The list of species confirmed for Florida, from BugGuide, is: T. arcifer, T. boscii, T. corbis, T. dispar, T. floralis, T. jussiaeae, T. geminatus, T. parvulus, T. politus and T. marginatus
Many of these species come from the West Indies area, which has many more species.

Any photos of these species are only tentatively identified because the species in Florida are not very well known and there may be more species that haven't been confirmed for Florida.

Orange-backed Calligrapher (Toxomerus jussiaeae)

Has pattern similar to Margined Calligrapher, but the dark pattern reach the edge of the abdomen. The abdomen appear rounder and more egg-shaped, the dark bars are thinner and straighter, and the consecutive dark curved lines do not reach up to and touch the next set up. All photos I have seen so far show an entirely pale scutellum, with only a slightly dark centre.

Toxomerus jussiaeae?

More photos here:

Banded Calligrapher (Toxomerus verticalis)

This species has a relatively simple pattern, with repeated black and blue bands horizontal connected by a thin vertical black stripe.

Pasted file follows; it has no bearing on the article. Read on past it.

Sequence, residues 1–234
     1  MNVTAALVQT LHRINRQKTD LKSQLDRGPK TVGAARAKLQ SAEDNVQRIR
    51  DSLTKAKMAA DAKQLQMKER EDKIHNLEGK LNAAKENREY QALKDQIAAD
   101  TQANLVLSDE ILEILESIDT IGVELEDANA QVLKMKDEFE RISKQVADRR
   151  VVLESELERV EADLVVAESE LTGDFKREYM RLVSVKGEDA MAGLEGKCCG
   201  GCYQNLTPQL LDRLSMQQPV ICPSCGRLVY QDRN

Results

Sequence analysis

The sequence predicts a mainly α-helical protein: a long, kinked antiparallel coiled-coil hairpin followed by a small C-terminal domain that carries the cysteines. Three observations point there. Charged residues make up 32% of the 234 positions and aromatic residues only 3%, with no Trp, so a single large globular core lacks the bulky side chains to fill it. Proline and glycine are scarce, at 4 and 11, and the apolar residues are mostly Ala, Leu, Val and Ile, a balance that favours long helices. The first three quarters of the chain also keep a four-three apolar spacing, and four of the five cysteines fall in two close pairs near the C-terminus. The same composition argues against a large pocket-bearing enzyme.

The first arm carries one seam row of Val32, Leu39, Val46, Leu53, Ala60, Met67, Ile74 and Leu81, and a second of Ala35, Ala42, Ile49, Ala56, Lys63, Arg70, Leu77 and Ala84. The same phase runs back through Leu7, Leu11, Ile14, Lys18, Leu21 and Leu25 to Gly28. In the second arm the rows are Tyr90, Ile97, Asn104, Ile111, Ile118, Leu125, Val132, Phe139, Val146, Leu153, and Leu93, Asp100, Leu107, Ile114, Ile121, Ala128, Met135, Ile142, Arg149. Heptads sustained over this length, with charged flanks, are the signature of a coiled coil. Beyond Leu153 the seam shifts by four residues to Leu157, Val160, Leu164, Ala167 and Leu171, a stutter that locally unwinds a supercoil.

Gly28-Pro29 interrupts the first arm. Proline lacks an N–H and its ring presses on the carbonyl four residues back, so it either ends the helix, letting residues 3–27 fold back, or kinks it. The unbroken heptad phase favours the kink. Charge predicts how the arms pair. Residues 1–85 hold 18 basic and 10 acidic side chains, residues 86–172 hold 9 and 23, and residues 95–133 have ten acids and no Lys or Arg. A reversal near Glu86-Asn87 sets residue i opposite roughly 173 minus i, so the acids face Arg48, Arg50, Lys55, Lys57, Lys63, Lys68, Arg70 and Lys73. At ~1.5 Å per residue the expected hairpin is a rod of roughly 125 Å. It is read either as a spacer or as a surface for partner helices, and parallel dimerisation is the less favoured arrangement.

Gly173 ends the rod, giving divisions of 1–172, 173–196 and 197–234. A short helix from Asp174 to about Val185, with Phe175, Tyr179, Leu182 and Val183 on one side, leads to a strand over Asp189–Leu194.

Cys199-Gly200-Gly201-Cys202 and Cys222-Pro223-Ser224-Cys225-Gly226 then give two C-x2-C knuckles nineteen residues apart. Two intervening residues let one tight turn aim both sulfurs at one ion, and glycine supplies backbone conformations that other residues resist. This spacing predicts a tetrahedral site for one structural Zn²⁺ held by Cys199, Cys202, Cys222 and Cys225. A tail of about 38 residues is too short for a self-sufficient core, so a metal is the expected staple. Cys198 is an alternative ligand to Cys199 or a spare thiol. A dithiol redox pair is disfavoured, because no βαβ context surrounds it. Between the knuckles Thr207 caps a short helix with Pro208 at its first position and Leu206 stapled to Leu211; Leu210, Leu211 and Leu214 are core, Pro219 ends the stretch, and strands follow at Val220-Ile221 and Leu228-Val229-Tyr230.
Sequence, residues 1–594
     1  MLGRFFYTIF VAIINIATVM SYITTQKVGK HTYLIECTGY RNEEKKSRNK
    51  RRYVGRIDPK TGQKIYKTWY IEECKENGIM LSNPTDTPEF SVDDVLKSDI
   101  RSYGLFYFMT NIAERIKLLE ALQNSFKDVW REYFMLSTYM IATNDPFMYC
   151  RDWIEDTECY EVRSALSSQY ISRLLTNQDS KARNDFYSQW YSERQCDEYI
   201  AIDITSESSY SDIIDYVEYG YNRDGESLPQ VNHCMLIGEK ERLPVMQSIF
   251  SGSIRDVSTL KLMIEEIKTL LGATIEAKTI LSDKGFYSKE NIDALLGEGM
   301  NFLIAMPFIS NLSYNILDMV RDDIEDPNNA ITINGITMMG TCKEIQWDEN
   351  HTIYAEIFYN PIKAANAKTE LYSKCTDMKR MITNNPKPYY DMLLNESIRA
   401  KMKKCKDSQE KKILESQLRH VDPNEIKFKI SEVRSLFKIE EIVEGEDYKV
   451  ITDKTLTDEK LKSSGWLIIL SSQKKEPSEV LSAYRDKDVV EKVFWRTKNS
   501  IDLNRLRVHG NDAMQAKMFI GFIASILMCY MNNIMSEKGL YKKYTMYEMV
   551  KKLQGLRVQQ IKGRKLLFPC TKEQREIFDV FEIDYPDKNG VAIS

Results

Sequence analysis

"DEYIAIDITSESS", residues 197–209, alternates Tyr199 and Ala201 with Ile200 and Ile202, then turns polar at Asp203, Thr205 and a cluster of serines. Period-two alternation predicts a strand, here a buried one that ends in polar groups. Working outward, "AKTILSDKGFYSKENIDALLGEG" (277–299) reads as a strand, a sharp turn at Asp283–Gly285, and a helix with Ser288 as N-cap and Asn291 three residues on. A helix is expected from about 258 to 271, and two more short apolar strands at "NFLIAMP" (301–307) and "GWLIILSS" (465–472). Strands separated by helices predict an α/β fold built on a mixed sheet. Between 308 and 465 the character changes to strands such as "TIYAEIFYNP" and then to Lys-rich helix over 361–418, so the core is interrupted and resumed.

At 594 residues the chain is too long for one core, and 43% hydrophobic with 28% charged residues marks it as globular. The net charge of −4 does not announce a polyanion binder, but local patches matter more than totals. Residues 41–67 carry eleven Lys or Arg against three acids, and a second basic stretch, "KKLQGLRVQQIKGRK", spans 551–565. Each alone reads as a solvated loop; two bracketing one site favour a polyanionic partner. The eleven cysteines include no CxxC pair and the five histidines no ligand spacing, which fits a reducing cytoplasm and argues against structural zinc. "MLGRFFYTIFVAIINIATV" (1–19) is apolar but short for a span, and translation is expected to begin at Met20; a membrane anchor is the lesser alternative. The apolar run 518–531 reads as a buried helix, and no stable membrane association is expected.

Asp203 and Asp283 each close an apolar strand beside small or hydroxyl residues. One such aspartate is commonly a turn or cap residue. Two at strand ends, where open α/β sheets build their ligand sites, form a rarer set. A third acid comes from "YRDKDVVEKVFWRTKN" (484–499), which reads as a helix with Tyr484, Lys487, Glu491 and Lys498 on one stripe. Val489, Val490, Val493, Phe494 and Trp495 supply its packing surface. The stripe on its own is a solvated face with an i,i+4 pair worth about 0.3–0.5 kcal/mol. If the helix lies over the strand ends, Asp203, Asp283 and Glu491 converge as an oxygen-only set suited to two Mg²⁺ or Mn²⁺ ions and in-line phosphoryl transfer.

Toxomerus verticalis?

More photos here:

Black-backed Calligrapher (Toxomerus parvulus)

There are photos of specimens here:
and here:
Although they seem to contradict each other, so one of them may be misidentified?
There is a diagram of the abdomen here (fig. 72), which matches the second link:

Florida and Dark-sided Calligraphers (Toxomerus floralis, dispar, and arcifer)

As far as I can tell, these hover flies are very similar to Margined Calligrapher, except without the margin. Thompson in "The Flower Flies of the West Indies" talks a lot about how dispar and floralis are inseparable. They are very variable like Margined.

Some more images here:

More here:
and here:
And a couple here:

Hopefully summarizing what I understand this way will help us figure more out.

Bow-shaped Calligrapher (Toxomerus arcifer)

If it is possible to separate T. arcifer, it would probably be by the pattern on the base of the abdomen:

T. arcifer?